But some of them may have believed what they were saying. They lived in a society which accepted the existence of witches as an established fact. It was also a society in which sudden death and illnesses that they did not understand were commonplace. In that environment, it’s quite possible that someone who had quarrelled with a neighbour who then suffered a misfortune might see it as cause and effect, and explain it to herself in terms of what witchcraft was then understood to be.

    Indeed, it may well have been the case that having the power to command demonic “familiars” was a common revenge fantasy among people living in small villages with lots of petty feuds and rivalries. It would then only require a few unfortunate coincidences to make those fantasies seem real.

    1. I do believe a lot of accused witches did indeed practice "witchcraft," that is to say, perform certain rituals to gain a desired end. Of course, that doesn't mean they deserved what they got.

  2. Good Heavens. I wonder what made people confess so loquaciously. The admissions and the accusations sound like what went on in Russia during the Stalinist purges...

    1. No doubt there was a lot of plea-bargaining and attempts to deflect attention towards somebody else.

      But imagine that you lived in that world and you feuded with your neighbour. You called her every name under the sun, told her to drop dead and go to hell. Then she suddenly falls ill and nobody can do anything to help her. If your mind is full of stories about witchcraft and devils then you might well imagine that you had literally cursed her, even if you hadn’t intended to.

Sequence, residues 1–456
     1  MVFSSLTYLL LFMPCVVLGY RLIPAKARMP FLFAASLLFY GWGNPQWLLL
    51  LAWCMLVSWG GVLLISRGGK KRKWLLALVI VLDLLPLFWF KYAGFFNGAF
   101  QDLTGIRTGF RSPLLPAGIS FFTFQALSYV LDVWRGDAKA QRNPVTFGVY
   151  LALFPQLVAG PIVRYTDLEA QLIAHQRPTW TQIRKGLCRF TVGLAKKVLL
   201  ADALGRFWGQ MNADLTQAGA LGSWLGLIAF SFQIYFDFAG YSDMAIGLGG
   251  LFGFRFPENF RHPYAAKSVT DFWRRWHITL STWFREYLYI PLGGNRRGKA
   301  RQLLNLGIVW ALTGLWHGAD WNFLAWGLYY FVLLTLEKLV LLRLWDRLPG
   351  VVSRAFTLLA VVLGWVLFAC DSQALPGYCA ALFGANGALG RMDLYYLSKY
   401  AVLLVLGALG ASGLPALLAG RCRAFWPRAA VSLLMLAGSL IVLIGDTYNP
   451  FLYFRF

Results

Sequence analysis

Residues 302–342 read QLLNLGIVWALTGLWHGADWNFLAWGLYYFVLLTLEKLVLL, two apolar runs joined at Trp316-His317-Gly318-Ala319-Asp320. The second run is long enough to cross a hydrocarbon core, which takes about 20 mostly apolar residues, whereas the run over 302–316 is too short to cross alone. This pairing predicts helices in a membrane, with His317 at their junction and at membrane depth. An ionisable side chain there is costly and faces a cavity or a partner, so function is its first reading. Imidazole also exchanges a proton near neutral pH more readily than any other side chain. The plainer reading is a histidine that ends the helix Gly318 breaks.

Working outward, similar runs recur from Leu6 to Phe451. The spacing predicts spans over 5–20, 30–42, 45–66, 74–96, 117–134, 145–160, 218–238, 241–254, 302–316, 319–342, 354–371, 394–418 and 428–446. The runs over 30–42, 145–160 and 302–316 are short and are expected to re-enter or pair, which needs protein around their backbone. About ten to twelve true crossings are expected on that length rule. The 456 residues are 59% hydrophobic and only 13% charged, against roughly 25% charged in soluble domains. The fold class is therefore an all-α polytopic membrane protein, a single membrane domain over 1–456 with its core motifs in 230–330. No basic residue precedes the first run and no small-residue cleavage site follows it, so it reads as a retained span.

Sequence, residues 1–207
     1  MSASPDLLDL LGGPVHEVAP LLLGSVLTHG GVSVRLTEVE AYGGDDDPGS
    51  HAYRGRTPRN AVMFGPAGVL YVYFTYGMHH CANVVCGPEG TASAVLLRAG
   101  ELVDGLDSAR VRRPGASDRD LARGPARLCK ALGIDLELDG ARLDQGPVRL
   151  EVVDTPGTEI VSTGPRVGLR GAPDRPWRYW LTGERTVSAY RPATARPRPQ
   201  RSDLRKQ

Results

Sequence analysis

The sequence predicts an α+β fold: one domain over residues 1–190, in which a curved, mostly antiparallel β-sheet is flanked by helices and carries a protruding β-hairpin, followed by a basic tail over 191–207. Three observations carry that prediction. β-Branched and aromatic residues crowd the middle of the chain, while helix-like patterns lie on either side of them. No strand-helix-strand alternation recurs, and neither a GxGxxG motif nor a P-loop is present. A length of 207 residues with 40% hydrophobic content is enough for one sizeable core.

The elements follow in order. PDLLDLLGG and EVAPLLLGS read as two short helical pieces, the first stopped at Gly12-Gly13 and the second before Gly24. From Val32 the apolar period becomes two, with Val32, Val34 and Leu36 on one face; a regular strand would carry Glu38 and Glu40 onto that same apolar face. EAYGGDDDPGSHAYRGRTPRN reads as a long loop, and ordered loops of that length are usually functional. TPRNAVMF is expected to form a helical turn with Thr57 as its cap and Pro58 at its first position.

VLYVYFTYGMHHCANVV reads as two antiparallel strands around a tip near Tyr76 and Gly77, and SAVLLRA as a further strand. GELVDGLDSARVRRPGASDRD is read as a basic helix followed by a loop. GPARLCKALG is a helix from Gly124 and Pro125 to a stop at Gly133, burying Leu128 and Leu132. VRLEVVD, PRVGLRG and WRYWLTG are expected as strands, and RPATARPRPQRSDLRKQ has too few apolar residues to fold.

Once that idea gets lodged in your mind it will colour all your subsequent experiences. Sally’s hens not laying? Well, you never liked her, did you? John burned his hand on the stove, wasn’t that soon after you told him to go to blazes? It leads to a paranoia against the self, a pareidolia of witchcraft in which every word and action looks like proof of personal guilt. If you sometimes take pleasure in the powers you think you have then it will only lead to greater spasms of guilt later.

      For somebody in that state of mind, the possibility of confession and absolution would seem like a huge relief. The comparison with the Soviet Union is that in both cases the crimes were imaginary but the punishment was real.


Comments are moderated. Because no one gets to be rude and obnoxious around here except the author of this blog.